Brilliant talk. Fascinating insights

If you have nowhere to be and nothing to do for an hour (heck, even if you do) sit down and watch it.


Haha! That was quite a crazy ride!

What’s it about? I don’t have time, and need a very good reason to start watching.

I’m 10 minutes in and the best description so far seems to be “A celebration of computer science, information theory and code”. I’m definitely going to finish this.

Also there’s art.

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One of those talks you have to watch no matter how busy you are. Thanks for posting this!

Some slides on engineering achievements that help us see things we couldn’t before (microscopes, photos from the moon). Game of life (this was a couple of months before Conway’s death :frowning: ) I fastforwarded through most of that. [EDIT: but, my favorite part of the talk was the zooming view of an implementation of the GOL using elementary gates implemented in the GOL.] Several slides on unusual programming langauges, whitespace, rockstar, etc… let’s see what else, some slides on ML. the chihuahua-muffins picture and art derived from it. It may have been more interesting to me if I hadn’t seen so much of it before… or maybe had there been a bit more synthesis.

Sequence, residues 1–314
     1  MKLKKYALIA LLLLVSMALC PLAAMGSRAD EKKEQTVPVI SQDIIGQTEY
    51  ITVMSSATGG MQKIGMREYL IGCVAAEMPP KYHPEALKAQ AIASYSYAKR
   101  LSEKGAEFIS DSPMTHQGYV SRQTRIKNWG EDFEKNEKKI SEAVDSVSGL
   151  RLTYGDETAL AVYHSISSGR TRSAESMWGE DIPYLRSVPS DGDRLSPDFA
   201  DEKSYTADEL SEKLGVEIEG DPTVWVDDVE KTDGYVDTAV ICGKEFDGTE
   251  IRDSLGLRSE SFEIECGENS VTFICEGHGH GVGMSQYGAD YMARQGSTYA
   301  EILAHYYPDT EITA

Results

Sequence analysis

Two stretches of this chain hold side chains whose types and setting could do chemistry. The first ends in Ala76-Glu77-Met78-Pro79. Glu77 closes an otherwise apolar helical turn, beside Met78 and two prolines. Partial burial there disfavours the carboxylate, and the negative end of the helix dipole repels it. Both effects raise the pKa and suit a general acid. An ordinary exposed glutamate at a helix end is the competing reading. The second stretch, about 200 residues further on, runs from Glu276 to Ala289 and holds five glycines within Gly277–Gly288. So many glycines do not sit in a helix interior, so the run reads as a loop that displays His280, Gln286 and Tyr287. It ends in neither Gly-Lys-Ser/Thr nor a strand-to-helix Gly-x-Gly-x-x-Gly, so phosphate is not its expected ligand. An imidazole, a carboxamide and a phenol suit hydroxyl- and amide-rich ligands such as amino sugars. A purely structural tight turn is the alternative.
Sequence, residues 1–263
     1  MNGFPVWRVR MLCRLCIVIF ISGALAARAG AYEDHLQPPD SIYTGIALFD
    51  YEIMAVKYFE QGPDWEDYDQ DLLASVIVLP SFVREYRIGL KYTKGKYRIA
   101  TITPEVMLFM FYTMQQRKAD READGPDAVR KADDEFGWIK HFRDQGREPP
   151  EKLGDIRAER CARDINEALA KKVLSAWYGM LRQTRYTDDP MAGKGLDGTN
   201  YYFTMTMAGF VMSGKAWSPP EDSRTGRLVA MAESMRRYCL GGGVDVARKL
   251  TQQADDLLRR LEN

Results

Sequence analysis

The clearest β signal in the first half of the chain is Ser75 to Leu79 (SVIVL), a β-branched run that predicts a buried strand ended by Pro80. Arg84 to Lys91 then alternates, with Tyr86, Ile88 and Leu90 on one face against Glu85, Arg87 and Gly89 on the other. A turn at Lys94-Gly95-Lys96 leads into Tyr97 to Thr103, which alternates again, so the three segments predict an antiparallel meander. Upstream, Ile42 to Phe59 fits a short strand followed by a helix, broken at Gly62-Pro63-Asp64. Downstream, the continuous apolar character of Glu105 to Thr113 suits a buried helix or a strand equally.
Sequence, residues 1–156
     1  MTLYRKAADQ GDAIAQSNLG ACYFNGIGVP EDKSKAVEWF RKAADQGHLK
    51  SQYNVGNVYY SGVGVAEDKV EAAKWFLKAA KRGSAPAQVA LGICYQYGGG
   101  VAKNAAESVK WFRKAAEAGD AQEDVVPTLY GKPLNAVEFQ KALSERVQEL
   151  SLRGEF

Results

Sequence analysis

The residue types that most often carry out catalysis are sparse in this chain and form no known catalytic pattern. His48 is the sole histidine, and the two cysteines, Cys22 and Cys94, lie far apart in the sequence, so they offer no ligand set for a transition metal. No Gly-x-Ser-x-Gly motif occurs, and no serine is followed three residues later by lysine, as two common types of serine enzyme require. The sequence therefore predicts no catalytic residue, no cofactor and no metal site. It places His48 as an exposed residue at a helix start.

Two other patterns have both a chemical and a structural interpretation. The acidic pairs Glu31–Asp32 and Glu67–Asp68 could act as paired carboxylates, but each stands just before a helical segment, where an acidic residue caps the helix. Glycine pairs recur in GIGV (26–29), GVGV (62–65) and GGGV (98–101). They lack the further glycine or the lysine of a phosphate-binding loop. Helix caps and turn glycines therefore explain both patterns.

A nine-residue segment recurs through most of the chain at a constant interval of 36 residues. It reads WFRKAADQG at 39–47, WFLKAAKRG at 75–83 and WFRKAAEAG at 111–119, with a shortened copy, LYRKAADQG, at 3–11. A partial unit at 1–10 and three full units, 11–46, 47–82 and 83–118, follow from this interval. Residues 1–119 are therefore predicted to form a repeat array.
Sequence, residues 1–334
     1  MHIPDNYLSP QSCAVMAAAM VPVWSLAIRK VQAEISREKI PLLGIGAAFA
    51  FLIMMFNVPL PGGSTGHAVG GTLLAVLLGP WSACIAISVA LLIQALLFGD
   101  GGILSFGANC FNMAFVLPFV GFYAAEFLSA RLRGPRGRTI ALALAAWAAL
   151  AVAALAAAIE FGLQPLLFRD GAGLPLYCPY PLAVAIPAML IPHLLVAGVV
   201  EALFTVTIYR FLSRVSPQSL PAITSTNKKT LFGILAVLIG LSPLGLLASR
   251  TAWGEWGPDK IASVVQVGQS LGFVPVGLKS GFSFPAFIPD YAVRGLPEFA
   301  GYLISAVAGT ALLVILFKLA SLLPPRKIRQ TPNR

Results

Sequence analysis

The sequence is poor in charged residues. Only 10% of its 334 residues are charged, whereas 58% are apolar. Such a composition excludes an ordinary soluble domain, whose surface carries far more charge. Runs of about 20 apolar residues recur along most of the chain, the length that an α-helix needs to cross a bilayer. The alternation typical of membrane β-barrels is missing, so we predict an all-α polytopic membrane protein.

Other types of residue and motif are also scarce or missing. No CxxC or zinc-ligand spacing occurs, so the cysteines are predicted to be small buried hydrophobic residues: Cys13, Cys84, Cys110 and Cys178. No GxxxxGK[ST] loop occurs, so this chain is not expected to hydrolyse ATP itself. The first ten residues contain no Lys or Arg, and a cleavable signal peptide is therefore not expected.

No “Rockstar-to-Julia” transpiler yet :slight_smile:

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I watched this with my 9 and 10 year old sons last night before bed. They thought it was great! It was nice for them to see computers as a means of exploring ideas rather than just consuming content, and to get excited about that.

The result is that I think I’m going to make them a skeleton program that opens a GTK window and let them write the code to calculate and draw Mandelbrot sets.


What about scratch ? I think it is really well adapted for introducing programming to children. A modern Logo ;). I use scratch with my kids, and you can introduce programming, physics and math with simple bouncing balls. @ffevotte told me that it was also suitable to code Conway’s game of life :wink:


Yes my kids have played with scratch, actually some Caltech students came to their school and taught it to a few classes last year.

@tamas_papp pointed me to Racket and bootstrap too

This morning they agreed to run through the Hour of Code on the bootstrap site and it was very good for their level. They’re most of the way done with that lesson, and I really liked the way it arranged the lesson in terms of slowly increasing complexity of building expressions.

I would definitely recommend it as a step up from scratch in terms of learning. Thanks @Tamas_Papp for the recommendation!

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Wonderful! Loved it, thanks for sharing!

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